The good news is, however, that many items that have a “dry-clean only” tag on them can actually be washed at home, said Minnesota-based textile and laundry expert Patric Richardson.
Clothing manufacturers are required to put care labels on garments per U.S. regulations, and many use “dry-clean only” tags to inform customers of best care practices and as a way to prevent any washing mishaps. Canadian regulations state garments need material labels, too.
“I actually teach laundry camp and one of my tips is when those tags say ‘dry-clean only,’ just cut them out and then they don’t say that anymore,” Richardson joked. (Cutting out your tag is not advisable if you want a dry cleaner to clean your garment in the future as it details best care practices.)
How to wash dry clean items at home
Richardson, who is also the author of upcoming book Laundry Love, said how you wash your garment at home will depend on its fabric.
A cotton shirt, for example, often does not need to be dry cleaned and can easily be hand-washed. Likewise, natural materials like silk, linen and wool can also be washed at home with a bit of care, as can polyester. Some items should be left to professionals, especially suits, leather or suede garments.
“You need to start out hand-washing so you kind of know what your clothes are going to do,” he said. “And then you can get a little more brave.”
Instead of detergent, Richardson suggests using a bit of soap and warm water — not boiling hot. People often overestimate how much soap they need, he said, when in reality a little bit goes a long way.
Use your kitchen sink as it’s likely larger than your bathroom sink, Richardson said, and gently hand-wash and rinse the garment in the warm water. You can lay items to dry on a rack or flat surface.
After a few hand washes, you will start to learn how garments react and if dyes bleed. Some fabrics, like cotton and linen, can be safely washed in the machine — but test them first.
“You will see quickly that you can put it in the machine,” Richardson said.
“The only reason I say hand-wash it the first time is linen, for example, has this tendency to sort of stretch when you wear it. So you may think that your shirt is very oversized… but that’s because you’ve stretched it into that shape. Machine washing will take it back to its original shape.”
It’s important to note, however, that you should not start home washing fancy or expensive garments on your first attempt. Some items, like down-filled coats and pleated skirts, may also require professional dry cleaning care.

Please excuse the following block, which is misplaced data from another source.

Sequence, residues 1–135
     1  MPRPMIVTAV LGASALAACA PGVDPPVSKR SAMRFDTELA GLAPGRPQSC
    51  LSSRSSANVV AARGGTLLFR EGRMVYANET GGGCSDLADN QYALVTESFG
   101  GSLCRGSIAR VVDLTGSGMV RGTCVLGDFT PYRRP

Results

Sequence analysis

Instead, start with less risky garments, then you can graduate onto other items.
“When you first wash a sweater that you’ve always felt you had to dry clean, you feel like a superhero,” Richardson said.
“Like all of a sudden you’ve just unlocked this magical power that you didn’t know you had.”
The right tools go a long way
If you’re going to put an item in the washing machine, like a silk tie or cashmere sweater, use a mesh laundry bag. These bags not only protect the garment from rubbing or snagging on other items, like bra clasps, they also reduce its movement in the machine.
(Richardson has a video on his site on how to machine wash a cashmere sweater in a laundry bag.)
Pressing is a huge part of cleaning, Richardson said, so you’ll want to invest in a good steamer or iron.
“If you’re going to start doing sport coats and dresses, you need a steamer or an iron,” he said. “You want to get that beautiful finished press, and, that’s something the dry cleaner does very well.”
When it comes to stains, Richardson said lipstick and barbecue sauce are notoriously hard to get out.
While most people go to soap and a fabric brush to scrub the substance off, he instead said it’s a good idea to use a spray mix of half vinegar and half water and wipe the stain out.
“That removes a lot of the oil, then you can go after the colour with the brush,” he said.
While there’s nothing Richardson won’t clean himself, if you’re not confident with your own home laundering skills, wait until you can visit a dry cleaner for important items, like expensive suits and winter coats. There are also items that require pro techniques, like sequined and beaded garments.
Lastly, certain fabrics are more prone to washing accidents than others, and it’s never a good feeling to ruin your favourite blouse.
“If you’ve never really done laundry besides washing your sheets and towels, I don’t think you should start with your tuxedo or wedding dress,” Richardson said.